Advertising space available for rent on your face
Published: Wednesday, September 26, 2012
Updated: Thursday, September 27, 2012 00:09
Tattoos are a trend among college students. The beauty of tattoos is the personal aspect, a decoration that customizes your body. Tattoos, college and life in general are expensive. Most college students are strapped for cash when it comes to the necessities, let alone a new tattoo.
In the early 2000s, an easy way to earn fast cash was to get paid by big dot com companies to advertise their logo or name on your skin in a tattoo. If a company is paying for an advertisement, they will want to get their money’s worth, meaning the advertisement will be big, bold, loud and in plain sight. Now most of those companies are under new logos or new names, or are no longer in existence. The problem skinvertisers now face is that they have a permanent marking on their bodies with no personal reason for them.
According to Drew Guarini in an article for the Huffington Post, Karolyne Smith from Salt Lake City, Utah, sold her forehead as ad space for $10,000 to provide for her children in 2005.
Originally, Smith put the space on her forehead up for auction on eBay. In an article written in June of 2005, after Smith received the tattoo, CNET journalist Jennifer Guevin reported that “the employees at the tattoo parlor she selected spent seven hours trying to talk her out of it.”
Billy, “The Human Bill Board” is another example of skinvertising and has his own blog devoted to skinvertising at billythehumanbillboard.blogspot.com. For $20,000, a company can get an advertisement on his forehead. Billy created and last updated his blog in 2009.
While $10,000 is a lot of money to a college student and it is a pretty nice reward for something as effortless as a tattoo, letting someone pay you to permanently wear their logo may not be the best idea. As a college student, whose ultimate goal is to get a job—explaining how you got an ostentatious tattoo of an online gambling site to a future employer is not going to go too well.
Turning skinvertising into a career is a dead end. A person only has so much skin that will be seen. Once that space is taken up, your career is over and it will be hard to find a career that will be okay with the tattoo advertisements jumping off your skin.
Tattoo artist and owner of South Side Tattoo Veronica Ray doesn’t believe that companies actually pay people to get tattoos advertising for their brand.
“I don’t believe it goes on … and I see a lot of logos; people [are] paying to do the advertising themselves,” Ray said.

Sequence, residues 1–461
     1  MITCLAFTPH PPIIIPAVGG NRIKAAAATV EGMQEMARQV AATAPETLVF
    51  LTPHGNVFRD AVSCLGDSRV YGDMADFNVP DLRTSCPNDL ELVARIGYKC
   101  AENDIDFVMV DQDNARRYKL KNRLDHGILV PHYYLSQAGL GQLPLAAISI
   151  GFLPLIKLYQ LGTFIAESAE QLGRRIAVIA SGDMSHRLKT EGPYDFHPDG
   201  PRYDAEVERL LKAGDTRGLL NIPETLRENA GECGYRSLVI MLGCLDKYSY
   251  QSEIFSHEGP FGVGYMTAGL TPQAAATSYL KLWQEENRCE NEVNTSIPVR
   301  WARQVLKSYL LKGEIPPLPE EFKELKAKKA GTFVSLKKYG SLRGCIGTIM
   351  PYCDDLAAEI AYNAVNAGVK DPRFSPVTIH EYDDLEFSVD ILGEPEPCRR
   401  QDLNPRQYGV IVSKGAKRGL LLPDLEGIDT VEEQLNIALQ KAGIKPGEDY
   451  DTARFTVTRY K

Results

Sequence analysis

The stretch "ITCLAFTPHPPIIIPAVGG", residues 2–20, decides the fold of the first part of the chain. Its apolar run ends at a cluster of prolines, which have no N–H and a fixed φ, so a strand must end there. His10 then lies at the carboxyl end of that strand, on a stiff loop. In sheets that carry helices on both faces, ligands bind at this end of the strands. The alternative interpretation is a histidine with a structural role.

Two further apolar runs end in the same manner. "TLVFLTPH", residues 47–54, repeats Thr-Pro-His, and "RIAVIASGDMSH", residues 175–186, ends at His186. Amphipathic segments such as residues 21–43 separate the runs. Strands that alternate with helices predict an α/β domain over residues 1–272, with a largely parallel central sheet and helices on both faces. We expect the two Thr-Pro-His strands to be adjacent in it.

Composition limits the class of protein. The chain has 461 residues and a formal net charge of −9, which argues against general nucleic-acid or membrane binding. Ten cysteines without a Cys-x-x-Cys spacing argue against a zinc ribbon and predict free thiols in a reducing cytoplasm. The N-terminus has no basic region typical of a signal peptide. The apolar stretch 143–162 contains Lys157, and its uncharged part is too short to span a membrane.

Ray also remarked that it was against copyright law to skinterise. The United States’ copyright law states that the author or owner has the right to prevent any distortion, mutilation, modification, destruction of their copyrighted logo. If you get the tattoo without the company’s permission and the company believes that, by you having the tattoo, their reputation will be hurt than you are in violation of copyright law and could be sued.
All it takes is one mistake by the tattoo artist to modify the image so it is not an exact replica. In this case, the image is no longer an asset and is impeding the company. The maintenance or removal costs will be the individual’s responsibility and could be quite expensive. Even worse, the company could take legal action, making your fast cash turn into a quick debt.
Tattoo artist Joe Thomson who works at Kyklops, a tattoo parlor located on East Carson Street, said he’s never tattooed an advertisement on a customer and equated skinvertising to selling your body.
“I think it’s dumb … it’s like prostitution,” he said. “People get Monster tattoos on them … [they] might as well get paid.”
If you can find someone who will pay you to advertise for them and are looking to get a tattoo anyway, maybe this can be a simple way for you to make a quick buck. Maybe you think the small chance of a copyright lawsuit seems improbable and you're willing to risk it anyway.
Skinvertising might be an easy cash reward if you’re willing to live with the permanence of a tattoo. If you can live with the logo when you’ve reached nursing-home then this might be an option. Like Thomson said, it’s like selling your body.
Chances are you won’t want a tattoo of a company that no longer exists for a lifetime across your forehead.
Kristen Kuron is a junior English and digital media design major and can be reached at firstname.lastname@example.org.